If you’re tired of the heat and looking for a cooler place to live, you might try Summerlin or even Anthem.
Heather Bruton-Berrey doesn’t switch on the air conditioner in her Summerlin home until June.
“We’ll have the windows and the doors open, and we’ll get a really good cross breeze,” she said. “It’s really nice.”
It’s cooler to live in the Western Las Vegas Valley — temperature-wise at least.
The Summerlin area’s westernmost reaches have averaged 87 degrees since summer began on June 21, according to commercial Internet weather service Weather Underground. In that same time frame, Valley View, a neighborhood and monitoring site just east of downtown Henderson, sizzled at 95 degrees.
While the west was the coolest and the east was the warmest, downtown Las Vegas and the Strip averaged 93 degrees.
Reid Wolcott, a meteorologist for the National Weather Service, explained how the valley’s geographical layout can create a boiling day for an eastern resident and a delightful summer afternoon for someone in the west. It’s all determined by altitude.
“The Las Vegas Valley slopes from west to east in elevation — from roughly 3,300 feet in Summerlin to around 1,800 feet in the eastern valley,” he said. “That said, the cooler places to live will be located on the west side of the valley.”
Summer electric bills can rise depending on location. The monthly cost of electricity for an average one-story home in the Valley View neighborhood was $280 in summer 2014. The cost of power for a house of similar size in Summerlin was $130.
The highest residential section in the region — The Vistas development within Summerlin — lies west of the 215 Beltway along state Route 159. It sits at a 3,257-foot elevation.
That is where Bruton-Berrey has lived for eight years, often keeping her doors open to catch the breezes coming out of the nearby mountains.
“I actually like the heat, I just don’t like the super mega heat,” the yoga therapist said. “It’s a nice temperature most of the year.”
Calico Basin — a cluster of fewer than 30 homes about 5 miles west and nearly 500 feet higher — averaged 86 degrees.
Of course, there’s one local hot spot — or rather, cool spot — that makes even the freshest Vegas areas feel sweltering: Mount Charleston. Highs at its 8,000-foot elevation have not exceeded 85 degrees this summer. It has averaged 64 degrees since June 21.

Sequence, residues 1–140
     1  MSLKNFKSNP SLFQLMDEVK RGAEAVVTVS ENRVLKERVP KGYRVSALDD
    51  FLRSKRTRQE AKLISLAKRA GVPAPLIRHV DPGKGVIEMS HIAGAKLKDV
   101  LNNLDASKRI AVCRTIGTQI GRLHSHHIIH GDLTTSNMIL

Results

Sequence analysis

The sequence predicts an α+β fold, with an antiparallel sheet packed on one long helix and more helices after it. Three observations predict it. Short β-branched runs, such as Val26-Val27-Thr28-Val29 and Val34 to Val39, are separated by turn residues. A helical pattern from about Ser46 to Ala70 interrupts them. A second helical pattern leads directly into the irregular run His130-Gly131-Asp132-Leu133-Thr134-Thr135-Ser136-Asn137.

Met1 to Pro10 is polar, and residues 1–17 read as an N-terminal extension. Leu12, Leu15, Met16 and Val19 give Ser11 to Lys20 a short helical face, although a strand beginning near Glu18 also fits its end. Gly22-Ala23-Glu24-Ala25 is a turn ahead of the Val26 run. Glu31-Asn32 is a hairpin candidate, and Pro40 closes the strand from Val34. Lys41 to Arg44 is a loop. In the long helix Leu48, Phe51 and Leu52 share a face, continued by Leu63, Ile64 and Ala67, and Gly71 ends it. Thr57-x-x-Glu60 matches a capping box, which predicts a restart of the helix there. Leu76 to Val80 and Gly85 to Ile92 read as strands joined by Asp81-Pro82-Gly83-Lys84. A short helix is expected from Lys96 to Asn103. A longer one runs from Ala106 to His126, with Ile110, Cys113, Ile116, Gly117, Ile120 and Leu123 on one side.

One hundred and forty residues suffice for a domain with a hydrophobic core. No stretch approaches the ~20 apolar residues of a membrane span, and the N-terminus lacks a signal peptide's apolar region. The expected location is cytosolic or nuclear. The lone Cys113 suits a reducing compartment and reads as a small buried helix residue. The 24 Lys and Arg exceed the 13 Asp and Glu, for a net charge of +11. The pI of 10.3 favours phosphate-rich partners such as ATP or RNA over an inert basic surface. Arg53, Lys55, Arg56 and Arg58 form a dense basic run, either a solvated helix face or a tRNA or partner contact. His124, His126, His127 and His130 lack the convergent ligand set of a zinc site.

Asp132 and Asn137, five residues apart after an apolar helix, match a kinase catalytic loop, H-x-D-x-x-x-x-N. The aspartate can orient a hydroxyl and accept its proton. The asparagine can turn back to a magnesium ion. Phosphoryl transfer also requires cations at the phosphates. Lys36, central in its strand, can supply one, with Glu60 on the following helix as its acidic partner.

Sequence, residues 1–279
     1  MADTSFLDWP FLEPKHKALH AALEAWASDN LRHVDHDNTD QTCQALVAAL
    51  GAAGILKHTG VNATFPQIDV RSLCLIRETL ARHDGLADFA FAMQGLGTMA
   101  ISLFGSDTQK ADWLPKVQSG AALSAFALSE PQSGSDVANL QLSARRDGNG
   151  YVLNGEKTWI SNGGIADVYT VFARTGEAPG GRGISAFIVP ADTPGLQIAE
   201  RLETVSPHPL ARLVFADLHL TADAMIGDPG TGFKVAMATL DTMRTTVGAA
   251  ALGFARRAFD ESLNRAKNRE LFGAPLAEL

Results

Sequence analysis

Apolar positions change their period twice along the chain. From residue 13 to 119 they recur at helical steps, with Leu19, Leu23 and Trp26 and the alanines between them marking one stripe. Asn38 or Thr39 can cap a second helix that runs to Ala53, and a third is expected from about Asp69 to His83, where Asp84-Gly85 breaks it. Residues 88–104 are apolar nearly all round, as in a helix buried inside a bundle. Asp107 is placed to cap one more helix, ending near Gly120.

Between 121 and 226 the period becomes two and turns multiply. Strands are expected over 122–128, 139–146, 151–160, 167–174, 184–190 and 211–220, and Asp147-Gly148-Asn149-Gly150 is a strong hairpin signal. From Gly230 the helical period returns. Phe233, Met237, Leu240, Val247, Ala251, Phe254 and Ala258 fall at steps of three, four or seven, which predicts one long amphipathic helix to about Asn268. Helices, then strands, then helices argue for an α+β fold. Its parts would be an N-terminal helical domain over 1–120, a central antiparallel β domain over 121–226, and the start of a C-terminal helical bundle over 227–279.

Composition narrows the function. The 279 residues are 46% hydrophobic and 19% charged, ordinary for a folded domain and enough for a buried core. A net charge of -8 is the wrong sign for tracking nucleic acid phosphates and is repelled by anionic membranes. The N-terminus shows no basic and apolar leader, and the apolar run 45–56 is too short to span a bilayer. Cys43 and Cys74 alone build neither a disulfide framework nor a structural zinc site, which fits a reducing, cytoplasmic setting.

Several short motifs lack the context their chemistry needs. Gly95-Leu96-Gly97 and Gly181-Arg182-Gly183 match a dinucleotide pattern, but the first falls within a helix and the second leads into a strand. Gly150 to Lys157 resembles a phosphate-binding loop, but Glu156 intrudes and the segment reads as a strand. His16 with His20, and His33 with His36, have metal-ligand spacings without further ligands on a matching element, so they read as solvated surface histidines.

High temperatures discourage some residents from heading out. Ruth Furman, who lives in Summerlin, arranges her outings around the heat.
“I try to plan my appointments better so I’m not out in the middle of the day as much, but sometimes I can’t avoid it,” she said.
The Anthem neighborhood near the mountains in Henderson stays cooler than the valley below. At an elevation of 2,736 feet, it has averaged 88 degrees this summer.
Andrea Behrens has had a taste of both sides. She has lived in Summerlin for eight years. Before that, she resided in west Henderson near the mountains.
Both places are blazing to her.
“I honestly don’t remember there being that much of a difference or it being that much cooler in Summerlin,” she said.
Whether an area is considered hot or not, Bruton-Berrey believes the west’s lower temperatures lift locals’ moods.
“I think people are not as cranky,” she said. “Physically, they’re not as uncomfortable because they’re not as overheated.”
This week will be scorching for everyone in the valley. The National Weather Service predicts Las Vegas highs in the low to mid-100s.
Sunscreen might not be a bad idea. Buying a place in Summerlin or even Anthem could work, too.
Contact May Ortega at email@example.com or 702-387-2908. Follow @MayVOrtega on Twitter.